Different paths to mourning and repentance

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As is well-known among those familiar with Israel, the country has a unique way of mourning. On Holocaust Remembrance Day and Israel’s Memorial Day, sirens sound throughout the country. For 60-120 seconds, the population of the country stops whatever it’s doing and shares in a nationwide moment of silence to honor the dead.

That is, most of the country stops. 

Some people say that, during the Holocaust Remembrance Day siren, they’ve seen some ultra-Orthodox Jews continuing activities such as walking while talking on a cellphone, seemingly oblivious to the siren. Some people will break from their own silence to remind these people that the siren is going off and that they should remain silent.

These events happen often enough that, in defense of those with different practices /beliefs /cultures /ways of approaching a topic, people have tried to justify the behavior of these ultra-Orthodox Jews. Especially since not all ultra-Orthodox Jews disregard the siren though it’s made to seem that way. We cannot stereotype anyone in this manner.

The main example used in comparison to the Holocaust memorial siren is the day of Tisha B’Av (the 9th day of the Jewish month of Av). This day is the anniversary of many Jewish tragedies throughout history, particularly the destruction of the Beit Hamikdash (Holy Temple). For 25 hours, observant Jews mourn by refraining from eating, drinking and participating in enjoyable activities such as listening to music. There is actually a three-week period with accompanying customs of mourning leading up to this day. 

To those who berate Jews who ignore the Holocaust memorial siren, some pose the question, “If you saw a Jew eating a sandwich or listening to music in public on Tisha B’Av, would you also approach them and tell them what they’re doing is wrong?”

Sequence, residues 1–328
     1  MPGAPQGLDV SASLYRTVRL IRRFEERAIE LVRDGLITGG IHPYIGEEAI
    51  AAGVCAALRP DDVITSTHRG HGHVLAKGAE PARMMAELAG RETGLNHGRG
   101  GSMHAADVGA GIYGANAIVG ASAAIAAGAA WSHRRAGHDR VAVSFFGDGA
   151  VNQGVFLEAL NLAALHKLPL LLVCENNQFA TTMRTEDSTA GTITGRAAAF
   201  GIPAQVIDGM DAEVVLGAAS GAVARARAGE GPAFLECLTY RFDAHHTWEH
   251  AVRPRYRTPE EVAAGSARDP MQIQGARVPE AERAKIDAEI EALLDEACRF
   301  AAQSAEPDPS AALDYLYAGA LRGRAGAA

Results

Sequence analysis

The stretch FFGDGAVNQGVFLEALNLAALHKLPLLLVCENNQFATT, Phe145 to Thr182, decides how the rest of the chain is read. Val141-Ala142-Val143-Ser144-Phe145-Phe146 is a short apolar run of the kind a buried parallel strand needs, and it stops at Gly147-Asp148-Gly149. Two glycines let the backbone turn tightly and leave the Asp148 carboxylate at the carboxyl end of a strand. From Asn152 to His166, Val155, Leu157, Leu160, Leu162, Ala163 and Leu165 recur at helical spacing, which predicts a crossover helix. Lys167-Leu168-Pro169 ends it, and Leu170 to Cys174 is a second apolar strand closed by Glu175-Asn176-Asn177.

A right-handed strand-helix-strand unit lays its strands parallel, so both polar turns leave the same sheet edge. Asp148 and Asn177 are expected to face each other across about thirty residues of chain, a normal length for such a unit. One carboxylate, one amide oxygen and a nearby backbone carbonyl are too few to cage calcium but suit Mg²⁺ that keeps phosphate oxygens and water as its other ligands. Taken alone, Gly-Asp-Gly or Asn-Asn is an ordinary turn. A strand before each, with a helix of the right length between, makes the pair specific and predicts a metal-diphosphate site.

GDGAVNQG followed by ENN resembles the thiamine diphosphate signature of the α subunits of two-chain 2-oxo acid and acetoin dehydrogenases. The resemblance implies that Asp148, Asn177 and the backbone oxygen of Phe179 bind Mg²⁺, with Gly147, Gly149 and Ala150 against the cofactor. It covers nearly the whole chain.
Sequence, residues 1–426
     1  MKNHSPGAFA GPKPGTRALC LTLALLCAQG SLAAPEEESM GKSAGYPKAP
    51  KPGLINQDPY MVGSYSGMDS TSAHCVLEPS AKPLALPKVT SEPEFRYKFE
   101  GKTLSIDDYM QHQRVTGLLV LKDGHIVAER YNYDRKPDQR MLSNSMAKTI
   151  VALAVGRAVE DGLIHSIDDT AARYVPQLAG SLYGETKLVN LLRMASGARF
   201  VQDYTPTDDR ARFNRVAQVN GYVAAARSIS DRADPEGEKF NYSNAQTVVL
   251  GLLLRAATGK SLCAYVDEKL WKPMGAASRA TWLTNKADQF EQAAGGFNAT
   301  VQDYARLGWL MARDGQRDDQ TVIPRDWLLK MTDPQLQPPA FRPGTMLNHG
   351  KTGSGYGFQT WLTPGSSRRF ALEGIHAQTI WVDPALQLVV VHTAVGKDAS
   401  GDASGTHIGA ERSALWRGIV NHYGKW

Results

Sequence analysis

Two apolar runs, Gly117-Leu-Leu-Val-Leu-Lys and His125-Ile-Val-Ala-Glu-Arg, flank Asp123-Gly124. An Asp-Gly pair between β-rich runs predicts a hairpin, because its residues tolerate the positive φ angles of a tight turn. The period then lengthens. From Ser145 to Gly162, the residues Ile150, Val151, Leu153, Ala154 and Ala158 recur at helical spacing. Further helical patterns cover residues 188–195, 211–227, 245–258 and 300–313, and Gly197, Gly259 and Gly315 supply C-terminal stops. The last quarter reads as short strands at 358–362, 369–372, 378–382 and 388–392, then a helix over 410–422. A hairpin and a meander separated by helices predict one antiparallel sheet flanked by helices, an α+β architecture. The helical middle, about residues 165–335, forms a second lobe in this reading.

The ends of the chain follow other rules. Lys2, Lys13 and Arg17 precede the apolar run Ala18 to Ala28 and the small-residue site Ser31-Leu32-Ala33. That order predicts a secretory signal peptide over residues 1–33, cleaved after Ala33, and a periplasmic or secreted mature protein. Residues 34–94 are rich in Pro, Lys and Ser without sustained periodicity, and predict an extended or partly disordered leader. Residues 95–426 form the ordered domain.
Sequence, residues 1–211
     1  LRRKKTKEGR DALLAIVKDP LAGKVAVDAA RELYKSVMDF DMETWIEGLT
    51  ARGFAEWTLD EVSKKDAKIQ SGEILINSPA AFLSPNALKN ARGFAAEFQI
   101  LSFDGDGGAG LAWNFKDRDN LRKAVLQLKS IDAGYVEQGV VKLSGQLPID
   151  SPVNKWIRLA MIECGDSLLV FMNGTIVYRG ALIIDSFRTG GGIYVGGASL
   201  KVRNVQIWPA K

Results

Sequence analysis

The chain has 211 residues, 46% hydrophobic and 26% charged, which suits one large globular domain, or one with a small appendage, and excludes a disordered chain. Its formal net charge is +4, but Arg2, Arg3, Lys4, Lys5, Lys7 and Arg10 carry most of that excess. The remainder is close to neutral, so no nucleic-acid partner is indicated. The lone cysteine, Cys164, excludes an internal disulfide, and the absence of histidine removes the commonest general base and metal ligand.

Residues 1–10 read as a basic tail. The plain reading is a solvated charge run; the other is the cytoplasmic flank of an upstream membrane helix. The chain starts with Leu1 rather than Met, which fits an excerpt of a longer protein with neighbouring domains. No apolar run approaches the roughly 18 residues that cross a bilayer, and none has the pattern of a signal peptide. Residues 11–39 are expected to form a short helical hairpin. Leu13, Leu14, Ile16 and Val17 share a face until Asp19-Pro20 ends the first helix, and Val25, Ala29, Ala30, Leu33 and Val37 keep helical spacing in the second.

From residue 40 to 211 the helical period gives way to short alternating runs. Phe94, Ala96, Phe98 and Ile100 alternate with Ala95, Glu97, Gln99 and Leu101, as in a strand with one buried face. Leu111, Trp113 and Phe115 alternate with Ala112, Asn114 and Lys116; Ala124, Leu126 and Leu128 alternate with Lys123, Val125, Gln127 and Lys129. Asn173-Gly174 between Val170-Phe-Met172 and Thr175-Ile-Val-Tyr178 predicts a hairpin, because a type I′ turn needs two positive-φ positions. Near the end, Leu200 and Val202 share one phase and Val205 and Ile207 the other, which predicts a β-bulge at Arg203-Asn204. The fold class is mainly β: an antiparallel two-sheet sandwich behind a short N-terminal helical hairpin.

One should not make assumptions about another person’s beliefs or where these beliefs stem from. It is counterproductive to discuss someone else’s beliefs.

To better understand this other viewpoint, I asked an ultra-Orthodox friend what his opinion was about all of this. His reply: “It’s not that I don’t commemorate the Holocaust. It’s that I commemorate it in a different way on a different day. To me, Tisha B’Av encompasses all Jewish tragedies throughout history, including the Holocaust. Tisha B’Av is the day I spend 25 straight hours mourning for all Jewish victims throughout history, including victims of the Holocaust.”

While the tradition of the siren has been around for a few decades, the tradition of mourning on Tisha B’Av has been around for thousands of years. The precedent for mourning for victims of Jewish tragedies lies with the older tradition. One is a national day of commemoration while the other is a religious event.

For the record, I remain silent and standing during the siren and also strictly observe the customs of Tisha B’Av. I personally feel that these are the appropriate things to do. However, my point here is not to say that a person should do one, the other or both.

I bring this up now because of the time of year we find ourselves in. As we begin the Jewish New Year, our focus is on forgiveness, repentance and improving ourselves for the year to come.

In the High Holy Day prayers, we do not beat our chests saying, “I have sinned.” Each phrase in our prayers is phrased as the communal “We” – “We have sinned.”

So, whether observant or not, it’s always worthwhile to ask – Are you improving yourself and your community by pointing a finger outward and placing the blame on someone else? Or can you better yourself and your community by focusing more inwardly and seeing how you can be your best?

And that can be as simple as approaching someone you don’t understand and saying to them, “Please explain to me why you believe what you believe. I want to understand you better.” If we enter the New Year with a focus on improving the world around us by understanding the point of view of others, doesn’t that sound more constructive than simply casting dispersions?

DANIEL STIEGLITZ (dstieglitz@gmail.com) is a certified Life Coach who lives in Jerusalem. His collection of short stories, “Tavern of the Mind,” is available for paperback and Kindle purchase on Amazon. www.amzn.to/2Izssrz.